For most alternative bands, it'd be daunting to take the stage before indie darlings Modest Mouse, whose show now includes a large film screen that flashes images ranging from funky stop-animation sequences to vividly color-saturated cut-out pics of diseased penises, disturbing fanged bunnies, scat, blind newborn critters and more. While most of the crowd was there to see Isaac Brock and crew, there was a contingent who'd come specifically to see The Shins, whose disc, Oh, Inverted World, was this summer's surprise pop album.

But, like so many amazing things that seem to explode out of nowhere, The Shins have a past: They're actually a reformation of Flake, (later Flake Music), a group that's been kicking up dust in the arid, non-fertile Albuquerque music scene since '93 (Modest Mouse took them on the road several times and Guided by Voices would always request them as the opening band when they'd play Albuquerque). Flake's James Mercer had begun songwriting alone as a side project, "choreographing" his ideas onto a hard drive where he could work with greater precision on sculpting the songs. Only later did he bring in his Flake bandmates, and the "project" was christened The Shins. Music fans this side of the Mississippi, however, had yet to be exposed to Mercer's revisionist takes on '60s pop.

That all changed with The Shins' debut Oh, Inverted World (Sub Pop), a shimmering collection of instant classics neither bleak or oblique that exhibited a breathy wistfulness and sincerity that made the band a word-of-mouth (and critical) fave. Sonically, The Shins fit right in with the Elephant 6 collective--Neutral Milk Hotel, Apples in Stereo--as influenced by Brian Wilson and the sort of songwriting found on the recent Nuggets boxed set of British Empire releases from the mid-'60s.

So it was hardly startling that the band opened with "Pressed in a Book," a Jeff Lynne-ish number that would sound right at home on a 30-plus-year-old album by the Idle Race or The Move. Lyrically, Mercer's songs are complex, linear stories that never rely on repetitive catch-phrase choruses but attempt to capture a moment or a way of looking at life, all from the POV of the guy who's gone beyond worrying if he'll get the girl and moved on to, uh, weightier matters.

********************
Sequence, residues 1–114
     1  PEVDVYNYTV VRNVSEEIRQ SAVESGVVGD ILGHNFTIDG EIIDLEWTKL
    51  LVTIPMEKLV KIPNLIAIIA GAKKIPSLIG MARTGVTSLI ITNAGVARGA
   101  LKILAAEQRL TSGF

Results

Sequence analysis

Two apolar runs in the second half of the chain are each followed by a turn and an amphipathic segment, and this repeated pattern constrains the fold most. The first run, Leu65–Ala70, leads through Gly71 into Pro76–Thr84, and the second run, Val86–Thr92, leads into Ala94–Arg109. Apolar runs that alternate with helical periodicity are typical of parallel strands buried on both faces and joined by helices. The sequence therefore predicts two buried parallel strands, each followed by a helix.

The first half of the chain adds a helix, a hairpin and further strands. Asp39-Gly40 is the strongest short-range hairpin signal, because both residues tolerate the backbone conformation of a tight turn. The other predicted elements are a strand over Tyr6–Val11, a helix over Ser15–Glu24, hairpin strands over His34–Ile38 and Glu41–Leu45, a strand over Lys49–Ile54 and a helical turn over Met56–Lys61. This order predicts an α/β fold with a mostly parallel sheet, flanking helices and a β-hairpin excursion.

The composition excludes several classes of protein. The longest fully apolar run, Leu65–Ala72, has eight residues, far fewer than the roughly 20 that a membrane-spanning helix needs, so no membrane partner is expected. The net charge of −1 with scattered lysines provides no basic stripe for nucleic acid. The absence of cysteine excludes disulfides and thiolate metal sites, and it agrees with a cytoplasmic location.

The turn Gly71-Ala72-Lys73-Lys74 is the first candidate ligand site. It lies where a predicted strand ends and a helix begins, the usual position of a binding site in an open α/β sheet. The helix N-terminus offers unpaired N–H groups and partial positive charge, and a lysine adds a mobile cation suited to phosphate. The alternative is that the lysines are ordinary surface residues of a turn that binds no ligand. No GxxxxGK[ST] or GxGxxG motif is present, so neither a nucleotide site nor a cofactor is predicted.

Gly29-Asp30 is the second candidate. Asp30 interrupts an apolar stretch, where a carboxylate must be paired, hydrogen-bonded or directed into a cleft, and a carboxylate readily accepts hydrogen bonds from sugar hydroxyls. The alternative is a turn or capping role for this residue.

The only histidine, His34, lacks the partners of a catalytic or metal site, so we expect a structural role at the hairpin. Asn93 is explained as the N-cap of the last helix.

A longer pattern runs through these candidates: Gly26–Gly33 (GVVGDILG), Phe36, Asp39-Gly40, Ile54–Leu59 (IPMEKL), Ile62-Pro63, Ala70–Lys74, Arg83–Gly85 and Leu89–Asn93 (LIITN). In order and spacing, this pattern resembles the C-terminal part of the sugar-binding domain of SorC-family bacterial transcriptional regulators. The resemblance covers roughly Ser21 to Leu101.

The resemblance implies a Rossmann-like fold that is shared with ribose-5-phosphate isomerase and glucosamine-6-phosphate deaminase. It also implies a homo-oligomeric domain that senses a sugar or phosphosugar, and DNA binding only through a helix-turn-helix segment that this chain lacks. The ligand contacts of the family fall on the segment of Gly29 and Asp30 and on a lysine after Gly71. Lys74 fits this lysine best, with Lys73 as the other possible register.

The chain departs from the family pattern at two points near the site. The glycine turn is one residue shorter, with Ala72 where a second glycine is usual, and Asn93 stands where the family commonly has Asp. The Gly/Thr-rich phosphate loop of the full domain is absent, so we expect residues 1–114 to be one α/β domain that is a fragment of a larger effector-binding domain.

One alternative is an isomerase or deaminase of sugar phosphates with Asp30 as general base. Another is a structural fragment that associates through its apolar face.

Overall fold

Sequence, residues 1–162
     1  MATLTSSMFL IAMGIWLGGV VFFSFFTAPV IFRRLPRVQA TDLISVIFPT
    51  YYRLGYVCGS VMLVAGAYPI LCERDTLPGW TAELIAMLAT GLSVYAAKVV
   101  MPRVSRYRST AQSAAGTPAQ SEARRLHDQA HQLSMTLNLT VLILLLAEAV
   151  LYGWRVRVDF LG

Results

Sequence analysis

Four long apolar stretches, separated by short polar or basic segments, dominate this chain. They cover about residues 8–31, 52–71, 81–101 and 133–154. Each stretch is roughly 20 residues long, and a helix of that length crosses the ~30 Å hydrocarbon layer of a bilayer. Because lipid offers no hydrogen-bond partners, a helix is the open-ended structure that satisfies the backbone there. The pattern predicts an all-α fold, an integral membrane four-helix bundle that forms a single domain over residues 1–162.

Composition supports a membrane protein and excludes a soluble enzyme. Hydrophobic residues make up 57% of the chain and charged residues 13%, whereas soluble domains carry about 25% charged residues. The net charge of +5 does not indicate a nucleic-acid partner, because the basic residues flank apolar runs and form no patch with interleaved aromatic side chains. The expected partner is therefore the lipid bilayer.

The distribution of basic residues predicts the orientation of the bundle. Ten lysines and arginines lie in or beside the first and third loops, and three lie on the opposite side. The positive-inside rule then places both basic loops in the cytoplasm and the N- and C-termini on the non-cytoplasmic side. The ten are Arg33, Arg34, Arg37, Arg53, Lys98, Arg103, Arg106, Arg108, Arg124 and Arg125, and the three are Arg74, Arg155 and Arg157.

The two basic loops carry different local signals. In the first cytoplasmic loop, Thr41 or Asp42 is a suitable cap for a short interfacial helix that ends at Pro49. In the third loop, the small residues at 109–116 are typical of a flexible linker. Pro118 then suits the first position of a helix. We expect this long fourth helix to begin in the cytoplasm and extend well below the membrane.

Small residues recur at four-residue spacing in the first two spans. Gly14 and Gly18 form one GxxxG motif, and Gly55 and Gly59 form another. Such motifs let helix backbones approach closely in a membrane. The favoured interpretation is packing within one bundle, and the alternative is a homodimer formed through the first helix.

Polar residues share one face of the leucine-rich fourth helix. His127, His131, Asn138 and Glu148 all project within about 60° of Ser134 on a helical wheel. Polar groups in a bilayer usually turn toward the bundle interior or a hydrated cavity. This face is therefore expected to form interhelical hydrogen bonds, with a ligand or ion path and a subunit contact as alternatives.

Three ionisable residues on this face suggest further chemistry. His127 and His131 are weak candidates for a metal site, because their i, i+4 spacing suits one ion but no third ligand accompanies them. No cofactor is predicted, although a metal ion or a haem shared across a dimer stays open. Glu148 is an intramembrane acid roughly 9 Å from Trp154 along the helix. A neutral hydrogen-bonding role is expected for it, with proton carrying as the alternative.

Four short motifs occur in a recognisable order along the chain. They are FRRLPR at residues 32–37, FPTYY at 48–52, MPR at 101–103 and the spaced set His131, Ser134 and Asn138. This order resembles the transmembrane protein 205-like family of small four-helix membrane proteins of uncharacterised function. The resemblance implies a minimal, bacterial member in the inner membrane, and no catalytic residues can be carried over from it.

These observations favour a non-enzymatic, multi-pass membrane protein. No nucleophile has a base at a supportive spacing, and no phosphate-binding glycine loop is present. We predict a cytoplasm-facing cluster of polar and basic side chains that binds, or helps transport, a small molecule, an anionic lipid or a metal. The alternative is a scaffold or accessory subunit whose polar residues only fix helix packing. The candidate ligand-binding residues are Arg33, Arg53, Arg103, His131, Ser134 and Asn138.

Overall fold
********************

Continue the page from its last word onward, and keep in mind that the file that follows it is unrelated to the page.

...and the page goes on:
To say the quartet is visually unassuming is an understatement: Mercer's earnest vocal delivery and disregard to fashion make him seem more a philosophy or religious studies grad student than a pop icon. While the set suffered from a muddy mix and boomy bass (cleared up mid-set) it didn't mar the beauty of Mercer's reaching tenor or the pristine backing vocals: I even overheard audience members singing along to "New Slang," an Elliott Smith-ish strummy acoustic number with a soaring chorus that was released as the album's single. "Girl Inform Me" is The Hollies with a thesaurus, and the GBV-ish "Caring is Creepy"--rife with spacey, Gary Wrightish (think "Dream Weaver") keyboard runs--exhibits the kind of brainy sensibility XTC fans knew to expect and savor (at least through English Settlement).

"This is adult music for adults," noted one musician-fan. Hearing the album's songs live was like waking up to a day with perfect weather and nothing to do: all promise and hope.

It was also wild to hear such astonishingly "pretty" music coming from such nondescript, non-prissy looking guys. Mercer writes the kind of songs that resound in your head after you leave the gig: Snatches of music poke through your consciousness like flashes of sunlight through the summer leaves. Now if they could just sparkle onstage ...
--Angie Carlson